"You astonish me! Do you mean to intimate that our king has corrupt men around him?" Mrs. Newville inquired.

"My dear madam, the king is hardly responsible for this state of things. It is part of the political system. Politics is a game. Men can cheat in government as well as in anything else, and there are quite as many cheats in and around St. James's as at Almack's or any of the other gambling resorts. Other things are done in and around Westminster, by those whom you are accustomed to revere, which would astonish you could I but speak of them," said Mr. Dapper.

The evening being beautiful, the air genial, the company strolled in the garden, and ate the ripening plums and pears. Lord Upperton, finding pleasure in the society of Miss Newville, asked what recreation the young people in the Colonies enjoyed. She told of the launching of the ship Berinthia Brandon, the pung-ride and dance at the Greyhound Tavern, the quiltings, huskings, and tea-parties.

"I hope, Miss Newville, this will not be the last time I shall have the pleasure of seeing you. I shall not soon forget the succotash and cranberries, and shall improve an early opportunity to pay my respects to you," he said, as he bade her good-evening.

"By Jove, Dapper, she's as fine a piece of chintz as can be picked up at St. James's or anywhere else," he said, as they returned to the Admiral Vernon.



XI.

SOCIETY LIFE IN LONDON.

On a pleasant afternoon Lord Upperton was once more ushered into the Newville mansion. Mrs. Newville being absent, he was graciously received by Ruth.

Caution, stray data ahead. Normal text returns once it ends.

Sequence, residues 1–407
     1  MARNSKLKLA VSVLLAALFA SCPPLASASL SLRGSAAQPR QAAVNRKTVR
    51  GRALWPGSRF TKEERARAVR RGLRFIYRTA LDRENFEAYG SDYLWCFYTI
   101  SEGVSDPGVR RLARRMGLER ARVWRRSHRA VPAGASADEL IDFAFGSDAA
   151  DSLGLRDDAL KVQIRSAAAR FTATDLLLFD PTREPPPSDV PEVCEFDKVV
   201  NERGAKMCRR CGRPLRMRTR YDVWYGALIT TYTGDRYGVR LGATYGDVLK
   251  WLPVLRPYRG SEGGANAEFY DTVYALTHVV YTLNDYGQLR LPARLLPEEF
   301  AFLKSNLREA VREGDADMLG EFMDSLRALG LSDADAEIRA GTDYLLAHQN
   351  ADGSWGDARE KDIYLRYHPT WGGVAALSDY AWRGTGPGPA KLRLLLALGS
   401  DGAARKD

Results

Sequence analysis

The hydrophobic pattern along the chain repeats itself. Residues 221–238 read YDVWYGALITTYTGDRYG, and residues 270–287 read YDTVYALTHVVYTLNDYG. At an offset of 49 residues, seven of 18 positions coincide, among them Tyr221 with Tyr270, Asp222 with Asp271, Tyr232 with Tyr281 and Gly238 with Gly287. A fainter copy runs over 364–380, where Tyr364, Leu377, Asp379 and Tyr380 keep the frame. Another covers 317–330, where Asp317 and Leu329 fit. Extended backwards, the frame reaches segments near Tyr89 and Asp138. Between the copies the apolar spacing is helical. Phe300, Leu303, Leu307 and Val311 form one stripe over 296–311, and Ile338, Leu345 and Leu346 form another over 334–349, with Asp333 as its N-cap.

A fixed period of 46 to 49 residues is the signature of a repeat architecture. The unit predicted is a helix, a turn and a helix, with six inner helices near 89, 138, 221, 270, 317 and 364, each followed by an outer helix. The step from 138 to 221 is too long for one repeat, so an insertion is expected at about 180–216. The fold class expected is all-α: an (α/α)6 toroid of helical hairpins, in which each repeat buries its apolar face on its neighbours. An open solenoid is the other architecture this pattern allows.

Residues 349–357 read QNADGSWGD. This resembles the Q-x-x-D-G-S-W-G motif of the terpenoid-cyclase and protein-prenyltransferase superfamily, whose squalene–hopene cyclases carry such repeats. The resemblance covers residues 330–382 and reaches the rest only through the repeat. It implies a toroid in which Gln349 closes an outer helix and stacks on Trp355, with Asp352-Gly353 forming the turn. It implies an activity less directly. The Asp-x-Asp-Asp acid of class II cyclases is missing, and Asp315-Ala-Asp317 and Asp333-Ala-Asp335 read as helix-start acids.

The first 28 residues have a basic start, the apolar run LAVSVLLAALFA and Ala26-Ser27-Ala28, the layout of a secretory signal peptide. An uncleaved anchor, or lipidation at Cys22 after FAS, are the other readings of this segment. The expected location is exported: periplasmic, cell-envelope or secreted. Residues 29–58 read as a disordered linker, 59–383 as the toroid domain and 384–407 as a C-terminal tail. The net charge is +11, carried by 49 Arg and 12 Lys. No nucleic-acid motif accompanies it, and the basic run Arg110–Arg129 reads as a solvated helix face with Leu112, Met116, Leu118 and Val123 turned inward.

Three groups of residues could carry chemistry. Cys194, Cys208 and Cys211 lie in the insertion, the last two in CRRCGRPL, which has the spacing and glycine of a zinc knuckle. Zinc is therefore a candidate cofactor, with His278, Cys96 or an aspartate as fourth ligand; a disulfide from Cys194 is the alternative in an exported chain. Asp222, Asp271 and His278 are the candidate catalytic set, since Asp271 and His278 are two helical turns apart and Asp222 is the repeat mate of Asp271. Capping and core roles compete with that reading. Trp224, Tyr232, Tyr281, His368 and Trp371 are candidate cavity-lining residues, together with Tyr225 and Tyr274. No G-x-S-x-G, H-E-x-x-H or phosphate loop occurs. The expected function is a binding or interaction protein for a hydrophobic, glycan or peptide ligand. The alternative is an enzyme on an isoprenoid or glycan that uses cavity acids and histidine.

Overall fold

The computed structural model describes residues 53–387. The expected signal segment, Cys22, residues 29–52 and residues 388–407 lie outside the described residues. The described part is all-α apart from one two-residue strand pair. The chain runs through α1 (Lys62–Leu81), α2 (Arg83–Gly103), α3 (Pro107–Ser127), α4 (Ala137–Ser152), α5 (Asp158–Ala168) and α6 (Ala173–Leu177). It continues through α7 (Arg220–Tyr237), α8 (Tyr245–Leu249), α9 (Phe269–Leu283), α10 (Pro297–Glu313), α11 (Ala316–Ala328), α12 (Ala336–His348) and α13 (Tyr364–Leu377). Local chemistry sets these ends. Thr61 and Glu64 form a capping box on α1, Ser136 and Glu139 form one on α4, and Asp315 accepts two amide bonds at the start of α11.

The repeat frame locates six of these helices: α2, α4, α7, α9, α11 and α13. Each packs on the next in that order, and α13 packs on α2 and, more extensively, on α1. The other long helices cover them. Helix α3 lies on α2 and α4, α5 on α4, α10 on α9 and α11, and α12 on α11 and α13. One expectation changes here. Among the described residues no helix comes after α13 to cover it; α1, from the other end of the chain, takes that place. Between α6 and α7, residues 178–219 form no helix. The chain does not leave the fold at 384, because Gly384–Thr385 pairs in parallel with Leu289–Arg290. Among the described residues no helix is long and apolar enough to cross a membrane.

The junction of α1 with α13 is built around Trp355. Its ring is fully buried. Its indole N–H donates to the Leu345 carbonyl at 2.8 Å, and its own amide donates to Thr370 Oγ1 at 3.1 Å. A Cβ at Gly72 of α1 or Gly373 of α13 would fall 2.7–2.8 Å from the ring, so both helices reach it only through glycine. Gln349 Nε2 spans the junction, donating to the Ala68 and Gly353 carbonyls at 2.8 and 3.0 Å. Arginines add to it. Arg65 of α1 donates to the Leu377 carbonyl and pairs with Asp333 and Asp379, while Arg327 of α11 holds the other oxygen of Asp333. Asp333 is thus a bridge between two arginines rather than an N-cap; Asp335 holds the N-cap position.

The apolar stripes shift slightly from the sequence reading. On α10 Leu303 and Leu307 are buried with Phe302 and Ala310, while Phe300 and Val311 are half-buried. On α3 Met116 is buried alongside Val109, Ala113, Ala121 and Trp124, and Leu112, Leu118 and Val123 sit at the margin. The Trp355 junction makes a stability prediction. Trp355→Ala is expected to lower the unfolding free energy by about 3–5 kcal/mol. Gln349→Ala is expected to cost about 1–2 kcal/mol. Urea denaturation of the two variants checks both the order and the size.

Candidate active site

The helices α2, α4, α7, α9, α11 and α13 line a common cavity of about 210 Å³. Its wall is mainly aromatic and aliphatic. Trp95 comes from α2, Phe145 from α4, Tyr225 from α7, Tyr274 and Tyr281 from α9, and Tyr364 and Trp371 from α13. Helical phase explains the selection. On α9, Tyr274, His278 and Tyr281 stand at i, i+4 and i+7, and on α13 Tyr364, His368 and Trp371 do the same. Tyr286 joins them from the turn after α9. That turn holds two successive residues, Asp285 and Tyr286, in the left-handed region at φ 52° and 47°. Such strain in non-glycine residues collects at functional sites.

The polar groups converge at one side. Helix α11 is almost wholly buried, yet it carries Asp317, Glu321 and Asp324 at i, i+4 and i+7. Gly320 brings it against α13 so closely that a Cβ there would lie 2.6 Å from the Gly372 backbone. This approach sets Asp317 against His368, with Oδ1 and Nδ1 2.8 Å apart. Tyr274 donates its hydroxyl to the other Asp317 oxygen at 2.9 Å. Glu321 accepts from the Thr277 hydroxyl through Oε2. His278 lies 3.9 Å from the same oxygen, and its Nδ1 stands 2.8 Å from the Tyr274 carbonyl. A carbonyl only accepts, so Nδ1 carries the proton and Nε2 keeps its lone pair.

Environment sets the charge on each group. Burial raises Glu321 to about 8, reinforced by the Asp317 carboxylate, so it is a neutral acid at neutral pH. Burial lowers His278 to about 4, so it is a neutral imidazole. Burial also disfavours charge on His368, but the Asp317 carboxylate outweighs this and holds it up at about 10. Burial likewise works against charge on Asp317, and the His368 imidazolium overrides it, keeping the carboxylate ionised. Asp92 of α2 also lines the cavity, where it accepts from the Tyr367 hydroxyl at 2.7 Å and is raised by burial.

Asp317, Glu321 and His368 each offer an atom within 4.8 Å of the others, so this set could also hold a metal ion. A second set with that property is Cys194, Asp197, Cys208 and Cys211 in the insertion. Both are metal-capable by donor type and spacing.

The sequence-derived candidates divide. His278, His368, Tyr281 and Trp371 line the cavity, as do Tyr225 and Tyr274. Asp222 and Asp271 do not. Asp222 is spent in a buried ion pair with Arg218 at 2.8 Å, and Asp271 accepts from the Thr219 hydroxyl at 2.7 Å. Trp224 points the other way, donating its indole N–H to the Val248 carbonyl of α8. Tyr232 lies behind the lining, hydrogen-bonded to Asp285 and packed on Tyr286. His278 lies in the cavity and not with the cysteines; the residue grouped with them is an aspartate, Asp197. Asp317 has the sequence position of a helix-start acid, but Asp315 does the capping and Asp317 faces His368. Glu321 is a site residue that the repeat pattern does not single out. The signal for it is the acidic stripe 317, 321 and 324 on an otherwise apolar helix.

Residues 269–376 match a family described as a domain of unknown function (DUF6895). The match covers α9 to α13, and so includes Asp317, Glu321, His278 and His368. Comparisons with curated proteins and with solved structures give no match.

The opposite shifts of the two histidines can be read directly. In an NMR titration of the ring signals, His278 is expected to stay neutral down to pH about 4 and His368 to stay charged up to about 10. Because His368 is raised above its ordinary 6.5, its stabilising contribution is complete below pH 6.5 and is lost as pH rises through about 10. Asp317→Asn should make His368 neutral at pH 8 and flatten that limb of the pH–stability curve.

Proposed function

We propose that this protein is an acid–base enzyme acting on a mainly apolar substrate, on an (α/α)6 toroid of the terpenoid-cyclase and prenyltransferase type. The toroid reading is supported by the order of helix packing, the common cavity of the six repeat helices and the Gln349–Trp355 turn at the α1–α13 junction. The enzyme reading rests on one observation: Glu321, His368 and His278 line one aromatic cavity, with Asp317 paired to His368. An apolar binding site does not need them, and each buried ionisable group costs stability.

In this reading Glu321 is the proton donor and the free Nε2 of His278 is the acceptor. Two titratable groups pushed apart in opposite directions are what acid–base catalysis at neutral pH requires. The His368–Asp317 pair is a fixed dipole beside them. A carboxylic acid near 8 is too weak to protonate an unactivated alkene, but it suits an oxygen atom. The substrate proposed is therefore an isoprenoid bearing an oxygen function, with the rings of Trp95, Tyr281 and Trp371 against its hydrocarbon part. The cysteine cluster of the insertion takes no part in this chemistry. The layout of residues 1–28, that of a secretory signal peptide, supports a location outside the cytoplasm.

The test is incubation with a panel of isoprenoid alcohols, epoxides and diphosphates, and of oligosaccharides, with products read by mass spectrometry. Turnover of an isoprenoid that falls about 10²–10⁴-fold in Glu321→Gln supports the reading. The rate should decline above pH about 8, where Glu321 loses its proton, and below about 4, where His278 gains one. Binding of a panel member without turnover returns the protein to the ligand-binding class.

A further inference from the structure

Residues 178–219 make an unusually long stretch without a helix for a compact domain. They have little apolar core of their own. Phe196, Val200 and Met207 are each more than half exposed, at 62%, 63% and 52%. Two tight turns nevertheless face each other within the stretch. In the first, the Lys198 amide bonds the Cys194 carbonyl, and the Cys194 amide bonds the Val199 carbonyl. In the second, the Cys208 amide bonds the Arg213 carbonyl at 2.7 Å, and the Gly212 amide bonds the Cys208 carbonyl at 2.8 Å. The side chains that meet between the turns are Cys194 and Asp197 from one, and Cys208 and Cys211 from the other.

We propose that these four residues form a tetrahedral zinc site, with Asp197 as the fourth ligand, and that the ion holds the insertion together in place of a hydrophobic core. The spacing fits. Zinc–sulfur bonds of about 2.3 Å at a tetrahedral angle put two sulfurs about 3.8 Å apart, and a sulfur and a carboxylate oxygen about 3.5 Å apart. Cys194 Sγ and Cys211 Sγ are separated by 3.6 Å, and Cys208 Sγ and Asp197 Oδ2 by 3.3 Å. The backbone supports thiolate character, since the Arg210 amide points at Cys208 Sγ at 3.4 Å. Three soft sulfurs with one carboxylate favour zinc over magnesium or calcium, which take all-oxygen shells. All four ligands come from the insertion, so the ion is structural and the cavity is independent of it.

"I had such a delightful time in your hospitable home, Miss Newville, the other evening, that I could no longer refrain from paying my respects."

"It is certainly very kind of you, my lord."

"I cannot tell you how delighted I was when you told me about your recreations. How charming it must be to go riding in a pung, with a lot of ladies and gentlemen. I was wondering if I could not get up a pung-ride."

"We only do that in winter, when snow is on the ground, my lord," Ruth replied, hardly able to repress a smile.

"Oh, dear me! how stupid I am! Of course not," and his lordship laughed heartily at his blunder.

"Do you not have snow in London, my lord?"

"Yes, sometimes; but then we haven't any pungs. I don't know what they are. Maybe they are a sort of hackney or chariot?"

"We have no hackney coaches here, as yet, my lord, but Mr. Hancock and the governor and a few of our citizens have coaches. A pung is not at all like a coach. It is, instead, a sort of box on runners."

"Oh, indeed, how interesting!"

"May I ask, my lord, what recreations you have in London?"

"We have quite a variety, I assure you, Miss Newville. We have card parties, where we play high or low, just as we feel. We have assemblies, where we tittle-tattle and gossip. We gentlemen lay bets on the winning horse at the next Derby. We go to Drury Lane or Covent Garden, and clap our hands at the acting of Davy Garrick or Jimmy Quin. At the opera we go wild when Mademoiselle Truffi soars like a nightingale up to high C. We dance at balls, array ourselves as harlequins and imps at masquerades, and see who can carry off the most bottles of port or sherry at dinner," said his lordship, again laughing.